Breathe easy? Not so for injured Sox

Breathe easy? Not so for injured Sox

If you've been a Red Sox fan for a good long time, or somewhat familiar with the franchise history, then you are aware of the painful nature of some past seasons. While those seasons created emotional wounds, you would have to admit that two World Series championships in the last six years have gone a long way in easing any pain.

But this season is about physical pain. And the Red Sox have had more than their share. Jacoby Ellsbury may just be the poster boy. The Red Sox lost his services way back on April 11, when Ellsbury came out on the losing end of a collision with Adrian Beltre as both were pursuing a pop foul. Ellsbury took a knee to his side and a spot on the DL with fractured ribs.

According to Dr. Jennifer Pope, an emergency medicine physician at Beth Israel Deaconess Medical Center, collisions are a common cause of rib fractures. But most often those collisions involve motor vehicles.

"We do see a lot of patients who come into the emergency department with broken ribs as a result of car accidents or motorcycle accidents," said Pope. "The most common cause is blunt force trauma."

Beltre's knee is certainly blunt and can be applied with force. Jeremy Hermida is another teammate who learned that the hard way. Even when the injury is a contusion and not a fracture the discomfort level is about the same. When it comes to pain, Pope says that broken ribs are the gift that just keeps on giving.

"It's an extremely painful injury. Certainly a player would be unable to swing a bat without severe discomfort," said Pope. "Sneezing and coughing can literally bring you to tears. Putting on a shirt or blouse is a problem. Pain control is really at the top of the list when treating rib fractures."

You can't immobilize a rib with a cast and the old approach of taping up the chest really offers little benefit. Making the patient comfortable is sometimes the best you can do. Along with non-steroidal anti-inflammatory medications like ibuprofen or naproxen, narcotics might be needed just to allow the patient to breathe properly.

"Each breath is an expansion and contraction of the rib cage," said Pope. "If that's too painful, the patient will end up taking very shallow breaths. That can lead to a condition called atelectasis. When we don't fully inflate the tiny alveoli -- the air sacs in our lungs -- it can cause part of the lung to collapse, make it easier for fluid to collect in the lungs and increase the chance of pneumonia. We often send people home with an incentive spirometer. It's a device that measures the volume of air that you inhale. Patients use this several times a day to get feedback on just how fully they are inflating their lungs."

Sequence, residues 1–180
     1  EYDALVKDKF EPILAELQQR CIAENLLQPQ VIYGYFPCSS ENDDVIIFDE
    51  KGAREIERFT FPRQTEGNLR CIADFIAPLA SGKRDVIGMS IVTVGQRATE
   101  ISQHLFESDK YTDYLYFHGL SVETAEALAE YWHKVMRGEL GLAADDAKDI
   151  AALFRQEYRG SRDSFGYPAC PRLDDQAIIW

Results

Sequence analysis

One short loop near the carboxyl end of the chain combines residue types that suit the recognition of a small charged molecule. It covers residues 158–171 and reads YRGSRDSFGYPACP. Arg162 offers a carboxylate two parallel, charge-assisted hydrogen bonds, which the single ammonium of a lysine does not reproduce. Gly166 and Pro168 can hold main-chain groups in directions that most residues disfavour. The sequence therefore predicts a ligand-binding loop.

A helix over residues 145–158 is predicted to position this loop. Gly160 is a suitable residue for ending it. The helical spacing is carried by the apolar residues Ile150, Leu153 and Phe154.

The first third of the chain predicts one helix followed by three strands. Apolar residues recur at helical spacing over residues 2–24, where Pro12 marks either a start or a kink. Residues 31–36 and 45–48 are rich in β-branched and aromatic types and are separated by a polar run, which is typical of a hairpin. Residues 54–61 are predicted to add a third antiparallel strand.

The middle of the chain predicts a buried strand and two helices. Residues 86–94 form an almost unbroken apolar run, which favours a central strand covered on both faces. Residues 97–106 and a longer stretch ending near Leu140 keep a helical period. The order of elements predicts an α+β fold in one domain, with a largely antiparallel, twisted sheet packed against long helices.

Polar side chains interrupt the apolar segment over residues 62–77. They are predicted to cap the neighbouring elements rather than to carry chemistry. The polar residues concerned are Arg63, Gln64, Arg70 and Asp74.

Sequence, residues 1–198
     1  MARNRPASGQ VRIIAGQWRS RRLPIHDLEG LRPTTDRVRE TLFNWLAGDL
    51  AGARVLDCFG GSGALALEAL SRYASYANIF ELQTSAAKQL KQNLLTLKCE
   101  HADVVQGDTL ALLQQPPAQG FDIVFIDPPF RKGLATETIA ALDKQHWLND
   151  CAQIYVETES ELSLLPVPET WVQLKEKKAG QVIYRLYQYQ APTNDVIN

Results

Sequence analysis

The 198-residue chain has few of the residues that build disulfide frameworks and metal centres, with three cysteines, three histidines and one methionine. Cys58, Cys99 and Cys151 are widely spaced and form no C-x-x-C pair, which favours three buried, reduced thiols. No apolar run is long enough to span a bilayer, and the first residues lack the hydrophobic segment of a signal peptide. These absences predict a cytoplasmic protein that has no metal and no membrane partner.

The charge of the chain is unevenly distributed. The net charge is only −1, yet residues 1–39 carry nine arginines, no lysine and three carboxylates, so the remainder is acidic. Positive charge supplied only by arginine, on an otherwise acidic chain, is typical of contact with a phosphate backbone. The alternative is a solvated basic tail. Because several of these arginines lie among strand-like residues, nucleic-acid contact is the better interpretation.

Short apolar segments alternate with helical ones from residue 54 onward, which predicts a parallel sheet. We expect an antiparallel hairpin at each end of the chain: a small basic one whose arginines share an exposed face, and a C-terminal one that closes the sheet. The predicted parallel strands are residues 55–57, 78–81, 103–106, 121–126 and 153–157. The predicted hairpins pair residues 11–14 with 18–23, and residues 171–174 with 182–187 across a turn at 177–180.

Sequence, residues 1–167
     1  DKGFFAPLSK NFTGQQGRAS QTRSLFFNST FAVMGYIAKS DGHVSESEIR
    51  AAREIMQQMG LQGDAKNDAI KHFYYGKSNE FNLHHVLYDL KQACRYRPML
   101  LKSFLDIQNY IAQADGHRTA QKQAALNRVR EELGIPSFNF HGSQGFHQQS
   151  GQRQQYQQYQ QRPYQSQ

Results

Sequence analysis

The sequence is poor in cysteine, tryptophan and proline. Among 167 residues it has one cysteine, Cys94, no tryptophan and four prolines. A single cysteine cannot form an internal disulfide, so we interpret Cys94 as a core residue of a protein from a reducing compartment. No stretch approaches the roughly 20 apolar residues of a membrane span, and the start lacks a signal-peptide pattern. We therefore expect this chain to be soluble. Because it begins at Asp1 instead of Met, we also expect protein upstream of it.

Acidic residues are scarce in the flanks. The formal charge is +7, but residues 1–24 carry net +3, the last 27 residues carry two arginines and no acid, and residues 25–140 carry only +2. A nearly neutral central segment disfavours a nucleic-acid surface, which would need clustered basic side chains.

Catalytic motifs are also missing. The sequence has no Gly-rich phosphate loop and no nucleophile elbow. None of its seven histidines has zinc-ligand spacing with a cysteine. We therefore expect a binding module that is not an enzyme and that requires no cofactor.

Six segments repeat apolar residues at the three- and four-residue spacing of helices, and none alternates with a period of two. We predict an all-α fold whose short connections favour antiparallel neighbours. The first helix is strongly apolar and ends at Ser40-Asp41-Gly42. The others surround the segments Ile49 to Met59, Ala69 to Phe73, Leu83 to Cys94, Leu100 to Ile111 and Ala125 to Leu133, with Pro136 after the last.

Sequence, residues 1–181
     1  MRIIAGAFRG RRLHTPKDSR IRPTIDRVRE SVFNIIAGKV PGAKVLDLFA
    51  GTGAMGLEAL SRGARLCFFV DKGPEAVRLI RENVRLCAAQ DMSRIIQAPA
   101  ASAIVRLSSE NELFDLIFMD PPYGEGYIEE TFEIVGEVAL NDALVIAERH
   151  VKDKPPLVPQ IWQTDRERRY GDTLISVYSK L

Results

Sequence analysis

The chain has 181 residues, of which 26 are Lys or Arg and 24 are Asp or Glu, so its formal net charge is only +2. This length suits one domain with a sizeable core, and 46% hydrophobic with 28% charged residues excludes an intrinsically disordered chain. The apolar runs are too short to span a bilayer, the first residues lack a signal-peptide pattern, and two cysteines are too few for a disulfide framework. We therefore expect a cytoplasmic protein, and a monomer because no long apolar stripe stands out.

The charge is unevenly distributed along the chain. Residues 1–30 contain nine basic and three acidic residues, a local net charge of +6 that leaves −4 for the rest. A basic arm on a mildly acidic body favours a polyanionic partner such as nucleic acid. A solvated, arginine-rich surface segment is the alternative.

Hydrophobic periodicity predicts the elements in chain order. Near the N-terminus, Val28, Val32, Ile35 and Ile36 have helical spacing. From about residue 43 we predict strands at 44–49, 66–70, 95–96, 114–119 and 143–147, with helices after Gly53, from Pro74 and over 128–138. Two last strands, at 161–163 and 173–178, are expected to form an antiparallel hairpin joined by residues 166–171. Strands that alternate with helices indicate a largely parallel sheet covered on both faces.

Generally it takes about six weeks for a rib fracture to heal. As the pain and discomfort diminish, patients are encouraged to increase their activity (but no sports for about three weeks). Ellsbury did make a brief return in late May, but a diving catch led to a setback in his recovery. An MRI revealed a previously undiscovered rib fracture. Diving catches are an occupational hazard for outfielders. Perhaps we'll see him back in these parts in mid-to-late July.

Chances are, you are not going to face the same risks where you work or live, but even a trip over a rug or off a curb can lead to an injury-inducing fall.

"In most cases, a fractured rib isn't one of those injuries that you can prevent by building up your muscles or stretching or wearing protective equipment," said Pope. "It is avoidable sometimes with a little caution and common sense, but not always."

Accidents do happen -- in the home, in a car and in the outfield.

Gary Gillis is a contributor to MLB.com. The BID Injury Report is a regular column on redsox.com. Beth Israel Deaconess Medical Center is the official hospital of The Boston Red Sox. This story was not subject to the approval of Major League Baseball or its clubs.